During the quarter, the GDPO continued to publish a steady stream of outputs relating to different research projects. As part of the UNGASS work stream the Observatory published The Rise and Challenge of Dark Net Drug Marketsand, as noted above Drugs and Development: The Great Disconnect. The latter is also available as an abridged version. The past few months have also seen a number of new Situation Analyses, namely Assessment of the first year of the legally regulated cannabis market in Uruguayand, as part of the GDPO’s ongoing work on drugs and the Dark Net, Silk Road: After being closed twice, can the brand ever ‘rise again?’, A year since the closure of silk road, The growing industry of Darknet Marketing, Operation Onymous: International law enforcement agencies target the Dark Net and The booming market of alternative cryptocurrencies. And, last but not least, drawing on research conducted during his time in Argentina, Ross produced an insightful and timely blog on the drug market in Rosario. This is the first in a new ‘View from the Ground’ series of blog posts that seek to complement desk based research by drawing upon GDPO fieldwork and the experiences of colleagues working within different parts of the world.
GDPO Quarterly News - October 2014 – January 2015
During October, November and December, the GDPO team were involved in a range of activities, including fieldwork and a number of seminars and workshops. At the beginning of October, with colleagues from TNI and GDPO Technical Advisor, Romesh Bhattacharji, Dave headed to the foothills of Himalayas in the northern Indian state of Himachal Pradesh. Here, as part of ongoing research for the second edition of the TNI-GDPO report Rise and Decline of Cannabis Prohibition, they visited the remote village of Malana. Isolated for much of the year due to heavy snowfall, Malana is well known for producing high quality cannabis, although cultivation of the drug is technically forbidden under Indian law.
TNI's Tom Blickman amongst the cannabis and Gods in Malana
Shortly afterwards, Dave was in Amsterdam (VU University of Amsterdam) presenting on the principles of the IDPC’s Modernising Drug Law Enforcement (MDLE) project at the Second International Conference on Law Enforcement and Public Health. In the midst of a busy few weeks, GDPO then teamed up with partner organisations the Washington Office on Latin America, TNI, and the International Centre on Human Rights and Drug Policy (ICHRDP) for a co-organised expert seminar, International Law and Drug Policy Reform, inWashington D.C. Involving a wide range of drug policy experts and international lawyers from around the world, the Chatham House rules seminar discussed various issues relating to the tensions and challenges surrounding the extant UN drug control treaties. The seminar report is coming soon. Among other things, discussions at the seminar led to the publication by Martin Jelsma (TNI), Damon Barrett (ICHRDP) and Dave of the Huffington Post blog, ‘Fatal Attraction: Brownfield's Flexibility Doctrine and Global Drug Policy Reform.’ Back in Swansea, the end of the month also saw Ross and Dave work with partners within the University to organise and co-host ‘The Dark Web: An Interdisciplinary Workshop’. Linking with the Observatory’s ongoing work on crypto drug markets and organised and run with the Cyberterrorism project, the Language Research Centre, the Research Institute for Applied Social Sciences and the Research Institute for Arts and Humanities, the workshop engaged with researchers and non-University based practitioners across a range of related fields to explore research synergies. The event saw Research Associate Tim Bingham present ongoing GDPO research into the Dark Net and Crypto-drug markets.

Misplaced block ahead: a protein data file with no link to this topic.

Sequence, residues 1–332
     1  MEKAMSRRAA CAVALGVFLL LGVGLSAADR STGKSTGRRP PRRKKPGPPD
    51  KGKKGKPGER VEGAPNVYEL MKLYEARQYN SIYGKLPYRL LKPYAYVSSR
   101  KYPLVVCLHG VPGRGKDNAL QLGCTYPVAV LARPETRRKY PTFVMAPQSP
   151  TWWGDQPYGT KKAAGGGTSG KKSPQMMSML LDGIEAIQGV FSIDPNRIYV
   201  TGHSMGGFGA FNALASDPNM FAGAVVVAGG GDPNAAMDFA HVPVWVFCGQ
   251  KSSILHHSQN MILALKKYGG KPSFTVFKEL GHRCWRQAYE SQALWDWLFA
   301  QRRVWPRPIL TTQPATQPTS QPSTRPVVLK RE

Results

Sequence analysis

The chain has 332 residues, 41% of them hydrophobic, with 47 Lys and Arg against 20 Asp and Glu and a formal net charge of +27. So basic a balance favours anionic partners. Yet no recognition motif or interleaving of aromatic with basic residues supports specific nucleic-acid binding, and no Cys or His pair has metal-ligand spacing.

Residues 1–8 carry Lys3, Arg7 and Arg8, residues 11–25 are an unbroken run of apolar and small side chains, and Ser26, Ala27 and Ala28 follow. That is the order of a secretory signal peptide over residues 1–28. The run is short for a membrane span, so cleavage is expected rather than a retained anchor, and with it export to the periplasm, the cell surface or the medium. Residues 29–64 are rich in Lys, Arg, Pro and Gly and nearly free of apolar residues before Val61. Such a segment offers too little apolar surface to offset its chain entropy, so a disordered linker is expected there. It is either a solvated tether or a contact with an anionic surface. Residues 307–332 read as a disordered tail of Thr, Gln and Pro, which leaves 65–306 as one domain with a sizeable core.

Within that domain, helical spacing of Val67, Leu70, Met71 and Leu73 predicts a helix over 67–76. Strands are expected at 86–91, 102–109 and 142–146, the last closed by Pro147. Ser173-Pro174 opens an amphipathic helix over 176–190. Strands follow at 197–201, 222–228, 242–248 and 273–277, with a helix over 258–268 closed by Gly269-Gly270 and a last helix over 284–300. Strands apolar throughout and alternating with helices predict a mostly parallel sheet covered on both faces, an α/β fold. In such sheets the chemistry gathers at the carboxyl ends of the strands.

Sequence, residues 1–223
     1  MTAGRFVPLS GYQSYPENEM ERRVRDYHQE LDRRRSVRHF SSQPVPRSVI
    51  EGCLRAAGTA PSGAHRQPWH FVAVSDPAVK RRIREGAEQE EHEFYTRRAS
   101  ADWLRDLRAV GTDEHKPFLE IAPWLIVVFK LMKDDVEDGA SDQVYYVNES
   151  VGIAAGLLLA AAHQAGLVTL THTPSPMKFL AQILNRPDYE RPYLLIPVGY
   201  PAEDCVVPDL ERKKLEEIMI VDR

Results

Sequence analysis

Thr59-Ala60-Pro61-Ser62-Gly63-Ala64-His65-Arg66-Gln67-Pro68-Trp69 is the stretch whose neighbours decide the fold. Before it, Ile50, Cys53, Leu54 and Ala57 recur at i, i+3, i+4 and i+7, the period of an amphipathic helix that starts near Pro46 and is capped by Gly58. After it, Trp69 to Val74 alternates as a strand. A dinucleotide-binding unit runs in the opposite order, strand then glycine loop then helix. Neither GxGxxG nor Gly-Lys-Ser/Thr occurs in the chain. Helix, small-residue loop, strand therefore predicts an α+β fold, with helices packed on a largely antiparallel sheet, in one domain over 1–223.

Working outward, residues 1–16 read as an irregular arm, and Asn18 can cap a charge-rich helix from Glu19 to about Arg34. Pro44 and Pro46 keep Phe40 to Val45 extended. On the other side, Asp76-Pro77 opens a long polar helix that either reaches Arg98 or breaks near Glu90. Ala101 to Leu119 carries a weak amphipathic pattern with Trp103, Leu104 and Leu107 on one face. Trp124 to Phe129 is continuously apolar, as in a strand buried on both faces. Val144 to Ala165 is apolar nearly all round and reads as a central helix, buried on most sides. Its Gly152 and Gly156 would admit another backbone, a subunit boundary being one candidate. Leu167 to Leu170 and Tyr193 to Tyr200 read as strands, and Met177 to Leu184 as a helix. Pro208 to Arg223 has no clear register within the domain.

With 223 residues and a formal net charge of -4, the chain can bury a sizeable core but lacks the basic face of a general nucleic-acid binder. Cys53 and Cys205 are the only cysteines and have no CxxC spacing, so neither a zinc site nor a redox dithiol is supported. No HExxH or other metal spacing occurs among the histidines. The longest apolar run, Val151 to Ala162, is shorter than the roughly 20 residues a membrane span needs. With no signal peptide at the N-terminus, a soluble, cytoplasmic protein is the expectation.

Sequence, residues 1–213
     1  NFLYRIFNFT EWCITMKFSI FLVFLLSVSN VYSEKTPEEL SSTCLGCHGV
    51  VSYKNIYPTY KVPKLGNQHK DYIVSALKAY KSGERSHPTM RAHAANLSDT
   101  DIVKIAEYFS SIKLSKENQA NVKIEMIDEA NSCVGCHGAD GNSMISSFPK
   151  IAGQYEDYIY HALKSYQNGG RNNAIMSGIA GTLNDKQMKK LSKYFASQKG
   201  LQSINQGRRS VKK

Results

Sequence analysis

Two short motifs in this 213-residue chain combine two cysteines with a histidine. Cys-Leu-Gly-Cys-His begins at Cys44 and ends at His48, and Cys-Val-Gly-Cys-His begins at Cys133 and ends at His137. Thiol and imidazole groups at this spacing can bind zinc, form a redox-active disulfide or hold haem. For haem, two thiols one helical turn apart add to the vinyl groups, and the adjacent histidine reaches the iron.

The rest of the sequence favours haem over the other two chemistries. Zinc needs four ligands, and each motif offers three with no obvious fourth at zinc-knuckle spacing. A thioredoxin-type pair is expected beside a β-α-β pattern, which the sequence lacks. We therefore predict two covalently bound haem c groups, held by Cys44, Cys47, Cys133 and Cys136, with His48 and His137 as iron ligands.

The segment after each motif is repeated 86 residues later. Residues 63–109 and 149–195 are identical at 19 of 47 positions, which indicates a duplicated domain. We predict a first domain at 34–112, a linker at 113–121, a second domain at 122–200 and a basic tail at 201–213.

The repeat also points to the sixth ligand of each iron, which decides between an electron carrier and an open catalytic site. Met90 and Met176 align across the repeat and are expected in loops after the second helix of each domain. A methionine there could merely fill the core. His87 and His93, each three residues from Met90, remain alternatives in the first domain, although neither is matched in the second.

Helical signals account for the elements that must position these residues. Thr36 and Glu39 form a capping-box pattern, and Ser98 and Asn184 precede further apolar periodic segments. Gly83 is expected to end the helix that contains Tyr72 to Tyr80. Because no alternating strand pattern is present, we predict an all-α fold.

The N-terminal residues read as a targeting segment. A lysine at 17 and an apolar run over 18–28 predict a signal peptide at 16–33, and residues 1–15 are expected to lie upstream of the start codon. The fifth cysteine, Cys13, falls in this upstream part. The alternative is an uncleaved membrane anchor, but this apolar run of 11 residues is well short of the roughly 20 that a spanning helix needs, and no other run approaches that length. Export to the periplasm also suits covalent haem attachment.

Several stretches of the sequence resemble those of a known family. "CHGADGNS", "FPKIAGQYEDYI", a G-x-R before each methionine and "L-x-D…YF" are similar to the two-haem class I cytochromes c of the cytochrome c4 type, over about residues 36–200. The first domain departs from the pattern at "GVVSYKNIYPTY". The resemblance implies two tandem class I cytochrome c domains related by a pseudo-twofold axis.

In November, Dave and Tim presented on-going GDPO research on drug policy metrics and indicators and the Dark Net at the IDPC-Chatham House-International Institute for Strategic Studies seminar on MDLE at the Royal Institute of International Affairs, Chatham House. Later in the month, as in the previous two years, he was also visiting faculty at the Jodhpur NationalUniversity’s Jodhpur School of Public Health where he contributed to the delivery of its third Asian Human Rights and Drug Policy Program. Back on campus in Wales, towards the end of the month, Ross and Dave contributed to a one-day undergraduate workshop run bySwansea University’s Criminology Department. And importantly, November saw GDPO Research Associate, Constanza Sanchez Aviles, successfully defend her doctoral dissertation on international drug control at her home University, Universitat Pompeu Fabra, Barcelona. Congratulations go to Dr Sanchez. We look forward seeing her work published as a monograph soon.
Along with the above activities, the GDPO continued to publish a number of outputs. These were, as a complementary publication to Legally regulated cannabis markets in the US: Implications and Possibilities(Nov. 2013), the Policy Brief Selling cannabis regulation: Learning From Ballot Initiatives in the United States in 2012 and the Situation Analysis Not so FAST; The Rise and Rise of the DEA’s Commando Squads. The latter is the first of a series of publications focusing on various aspects of drug policy in Latin America. To this end, late December saw Ross depart for Rosario, Argentina, where he will spend time researching and conducting fieldwork. The Observatory’s research once again generated some media interest. Selling Cannabis Regulation was picked up by the Daily Beast, while Ross was quoted in a Bloomberg News article on US –Russian relations within the context of increasing levels of opium production in Afghanistan.